Crime & punishment

In our crime & punishment issue, Briarpatch brings you a variety of ethically engaged perspectives on questions of crime, punishment, and the justice system, from policing mental health to securing the Olympics, from the fathers’ rights movement in Canada to the drive for prison reform in Ghana — plus some killer investment advice.

  • Magazine

    Letter from the editor

    Crime dominates the news, but the standard political pronouncements on the subject seldom move beyond empty, knee-jerk vows to “get tough” on the perpetrators. This approach to the issue only stokes the politics of fear, of blame, of poor-bashing and insidious racism. An obsessive public focus on the bogeyman of “crime” serves the interests of right-wing politicians very well indeed: more police for the poor, fewer regulations for the rich, less money for the universal social safety net.

  • Magazine

    The detestable solution

    Under colonial rule, Ghana’s multiple traditional systems of justice were replaced by a single, expensive, incarceration-based penal system. Now, 52 years independent and among the poorest 15 per cent of nations, Ghana is at the mercy of foreign countries for financial support in maintaining its overcrowded prisons, retraining prison staff and educating prisoners in an effort to upgrade a system of punishment that is falling into disfavour in the wealthier nations from which it originates.

  • Magazine

    Anger in action

    I first heard about fathers’ rights groups when I was working at a Vancouver drop-in centre for women several years ago. A family law advocate for a similar organization in a neighbouring community told me about a group of men who would show up at court in matching T-shirts to support male members of their organization who were engaged in custody and access disputes with their ex-partners.

  • Magazine

    Class-war games

    On February 12, 2009, exactly one year before the opening of the 2010 Winter Olympics in Vancouver and Whistler, the grim future of political freedom in British Columbia was on full display. Military and police flanked by helicopters rehearsed manoeuvres in Vancouver, where escalating harassment, intimidation and surveillance of activists had already begun.

  • Magazine

    Between home and a hard place

    Public outrage over the treatment of Canada’s “security certificate” detainees has receded with the seemingly good news that four of the five detainees are now living at home. But the reality of house arrest is almost worse, because it effectively extends the almost total loss of freedom the men endure to their wives, children and friends.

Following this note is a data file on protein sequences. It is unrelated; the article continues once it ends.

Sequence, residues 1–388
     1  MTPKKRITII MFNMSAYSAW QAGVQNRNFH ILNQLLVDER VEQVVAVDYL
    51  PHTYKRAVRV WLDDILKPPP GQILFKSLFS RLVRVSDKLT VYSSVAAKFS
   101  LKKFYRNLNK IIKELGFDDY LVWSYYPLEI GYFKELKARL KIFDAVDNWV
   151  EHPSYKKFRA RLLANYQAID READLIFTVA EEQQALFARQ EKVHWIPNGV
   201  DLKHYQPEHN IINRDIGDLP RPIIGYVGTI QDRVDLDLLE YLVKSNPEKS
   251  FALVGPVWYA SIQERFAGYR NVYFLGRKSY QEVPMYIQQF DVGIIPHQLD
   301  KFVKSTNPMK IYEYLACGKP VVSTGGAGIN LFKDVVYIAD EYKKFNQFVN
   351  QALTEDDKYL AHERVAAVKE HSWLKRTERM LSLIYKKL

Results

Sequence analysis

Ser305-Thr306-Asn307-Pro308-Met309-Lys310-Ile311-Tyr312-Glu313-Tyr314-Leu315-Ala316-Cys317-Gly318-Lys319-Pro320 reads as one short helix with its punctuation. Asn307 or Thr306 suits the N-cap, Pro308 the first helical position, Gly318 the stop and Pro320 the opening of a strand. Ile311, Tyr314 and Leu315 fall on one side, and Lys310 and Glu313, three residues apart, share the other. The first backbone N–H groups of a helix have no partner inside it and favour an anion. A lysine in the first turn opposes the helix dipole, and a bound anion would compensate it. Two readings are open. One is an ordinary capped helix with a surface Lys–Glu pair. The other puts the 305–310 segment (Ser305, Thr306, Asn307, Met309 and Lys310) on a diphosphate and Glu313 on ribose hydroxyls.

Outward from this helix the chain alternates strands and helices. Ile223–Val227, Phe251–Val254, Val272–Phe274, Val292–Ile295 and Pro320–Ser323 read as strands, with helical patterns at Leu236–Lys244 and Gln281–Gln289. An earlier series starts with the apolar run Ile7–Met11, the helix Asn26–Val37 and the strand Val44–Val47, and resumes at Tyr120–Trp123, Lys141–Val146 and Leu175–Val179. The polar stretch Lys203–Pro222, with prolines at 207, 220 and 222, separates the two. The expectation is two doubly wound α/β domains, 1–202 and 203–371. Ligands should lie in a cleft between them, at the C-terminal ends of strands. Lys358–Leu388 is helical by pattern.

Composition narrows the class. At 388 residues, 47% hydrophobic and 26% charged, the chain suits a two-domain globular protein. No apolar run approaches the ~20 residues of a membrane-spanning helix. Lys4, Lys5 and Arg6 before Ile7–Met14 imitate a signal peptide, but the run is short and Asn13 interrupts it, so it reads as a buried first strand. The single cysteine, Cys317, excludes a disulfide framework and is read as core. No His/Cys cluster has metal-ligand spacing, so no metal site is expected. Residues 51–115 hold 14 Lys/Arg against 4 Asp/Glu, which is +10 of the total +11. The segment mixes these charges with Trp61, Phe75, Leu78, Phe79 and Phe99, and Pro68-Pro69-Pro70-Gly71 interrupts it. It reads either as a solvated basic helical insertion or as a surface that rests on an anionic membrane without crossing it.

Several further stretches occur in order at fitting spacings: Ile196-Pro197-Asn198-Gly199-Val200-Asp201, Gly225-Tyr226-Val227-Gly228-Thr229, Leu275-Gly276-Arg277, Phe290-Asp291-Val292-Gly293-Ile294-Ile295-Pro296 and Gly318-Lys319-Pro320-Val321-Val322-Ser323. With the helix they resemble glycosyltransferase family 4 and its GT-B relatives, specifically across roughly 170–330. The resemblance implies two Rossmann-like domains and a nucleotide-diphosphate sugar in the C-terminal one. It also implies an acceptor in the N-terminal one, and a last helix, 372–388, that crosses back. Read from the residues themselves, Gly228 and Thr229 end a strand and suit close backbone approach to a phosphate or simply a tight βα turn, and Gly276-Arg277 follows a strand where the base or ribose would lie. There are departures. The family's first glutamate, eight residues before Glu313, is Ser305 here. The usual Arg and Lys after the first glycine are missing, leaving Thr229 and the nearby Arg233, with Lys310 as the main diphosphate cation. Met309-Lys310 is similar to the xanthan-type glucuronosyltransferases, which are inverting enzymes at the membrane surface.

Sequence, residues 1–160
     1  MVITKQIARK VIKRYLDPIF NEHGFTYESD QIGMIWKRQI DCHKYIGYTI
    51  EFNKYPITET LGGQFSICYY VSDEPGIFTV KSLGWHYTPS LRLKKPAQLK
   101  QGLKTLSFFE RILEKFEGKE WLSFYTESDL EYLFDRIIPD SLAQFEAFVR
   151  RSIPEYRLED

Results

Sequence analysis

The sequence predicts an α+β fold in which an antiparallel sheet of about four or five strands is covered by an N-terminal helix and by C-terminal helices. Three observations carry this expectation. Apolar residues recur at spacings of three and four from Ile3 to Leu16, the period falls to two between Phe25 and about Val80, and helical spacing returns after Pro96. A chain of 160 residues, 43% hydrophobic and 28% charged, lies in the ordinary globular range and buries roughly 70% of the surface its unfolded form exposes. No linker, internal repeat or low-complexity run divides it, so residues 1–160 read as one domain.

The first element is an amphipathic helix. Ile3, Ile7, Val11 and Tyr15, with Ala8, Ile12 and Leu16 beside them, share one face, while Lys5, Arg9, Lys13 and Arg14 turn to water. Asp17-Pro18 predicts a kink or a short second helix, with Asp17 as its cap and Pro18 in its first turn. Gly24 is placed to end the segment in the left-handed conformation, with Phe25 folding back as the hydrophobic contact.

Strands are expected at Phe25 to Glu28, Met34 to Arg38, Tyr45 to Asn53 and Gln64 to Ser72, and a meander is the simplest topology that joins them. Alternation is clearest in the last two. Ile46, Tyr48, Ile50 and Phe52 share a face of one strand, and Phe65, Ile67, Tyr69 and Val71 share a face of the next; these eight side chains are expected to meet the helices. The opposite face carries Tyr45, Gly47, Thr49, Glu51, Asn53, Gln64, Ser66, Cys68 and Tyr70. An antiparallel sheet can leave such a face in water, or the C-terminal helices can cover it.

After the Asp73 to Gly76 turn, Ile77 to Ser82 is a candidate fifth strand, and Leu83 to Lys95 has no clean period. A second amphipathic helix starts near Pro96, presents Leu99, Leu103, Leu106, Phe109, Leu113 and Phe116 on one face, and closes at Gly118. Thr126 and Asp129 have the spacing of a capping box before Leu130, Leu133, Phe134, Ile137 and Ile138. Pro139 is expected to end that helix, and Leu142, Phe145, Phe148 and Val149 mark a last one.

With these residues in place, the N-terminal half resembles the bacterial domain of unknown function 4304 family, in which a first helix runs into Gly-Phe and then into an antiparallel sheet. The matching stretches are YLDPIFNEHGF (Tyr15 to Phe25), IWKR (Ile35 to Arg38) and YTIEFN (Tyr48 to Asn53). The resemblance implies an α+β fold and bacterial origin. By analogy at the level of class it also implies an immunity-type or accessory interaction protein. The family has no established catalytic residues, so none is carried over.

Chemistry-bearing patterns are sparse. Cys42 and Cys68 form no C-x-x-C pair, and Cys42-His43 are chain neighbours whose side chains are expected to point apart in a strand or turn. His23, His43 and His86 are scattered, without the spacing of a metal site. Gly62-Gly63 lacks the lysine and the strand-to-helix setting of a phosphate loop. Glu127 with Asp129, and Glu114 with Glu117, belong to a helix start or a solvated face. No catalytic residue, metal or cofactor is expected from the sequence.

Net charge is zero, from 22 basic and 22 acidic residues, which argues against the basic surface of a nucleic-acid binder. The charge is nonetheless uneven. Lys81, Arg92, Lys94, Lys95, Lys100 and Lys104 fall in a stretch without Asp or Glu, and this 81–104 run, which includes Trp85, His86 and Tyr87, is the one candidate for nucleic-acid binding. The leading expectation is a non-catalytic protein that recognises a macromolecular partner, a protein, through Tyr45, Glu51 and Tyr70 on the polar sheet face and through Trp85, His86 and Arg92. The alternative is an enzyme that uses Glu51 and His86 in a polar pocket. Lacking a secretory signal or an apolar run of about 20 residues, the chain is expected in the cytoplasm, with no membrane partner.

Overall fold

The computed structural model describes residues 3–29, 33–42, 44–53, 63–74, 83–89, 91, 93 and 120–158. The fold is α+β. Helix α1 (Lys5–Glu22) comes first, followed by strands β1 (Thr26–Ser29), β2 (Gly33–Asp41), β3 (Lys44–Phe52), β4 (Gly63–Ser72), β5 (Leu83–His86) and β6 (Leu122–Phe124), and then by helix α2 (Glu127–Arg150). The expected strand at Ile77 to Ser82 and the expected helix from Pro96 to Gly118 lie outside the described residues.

• Magazine

    Policing mental health

    Twenty-four-year-old Chris Klim was shot to death a little over a year ago, when seven armed men came to his apartment in Vernon, B.C., a town of 40,000. Two men stayed outside the apartment while the leader and four others smashed the door in with a battering ram. Bewildered, Klim stood in his bedroom with a kitchen knife in hand. The armed men shot him twice. According to the forensic report, it was the bullet through his back that killed him.

  • Magazine

    Examining the past honestly

    What does “history” mean to you? A list of names and dates? Great deeds of long ago? “History,” says historian Margaret MacMillan, is something we all do.” Formerly at the University of Toronto, now at Oxford, Professor MacMillan is well-known for her Governor General’s Award-winning book, Paris 1919, and, more recently, for Nixon in China.

  • Magazine

    Law & order

    Irvin Waller, a professor of criminology at the University of Ottawa, has made it his career and mission to get governments throughout much of the world to shift their emphasis from law enforcement to prevention, with some limited success. His book is a plaintive cry for movement by government in the direction of more attention to crime preventive approaches.

  • Magazine

    Dark days

    Dark Days is about the imprisonment and torture of four innocent Canadians in Syria in the furtherance of the so-called “war on terror” launched by George W. Bush. The four men, all Muslims, are Maher Ahar (361 days in Syrian detention), Abdullah Almalki (more than 22 months in Syria), Ahmad El Maati (two years, two months and two days in Syria and Egypt) and Muayyed Nureddin (34 days in Syria). Not one of them was ever charged with any crime.

  • Magazine

    Modest investments, immodest returns

    Everybody’s looking for a lifeline to pull themselves out of the global downturn. But with giant bailout packages failing to provide stability in the U.S. and grim predictions for the remainder of 2009, what are the emerging opportunities for secure and lucrative investment?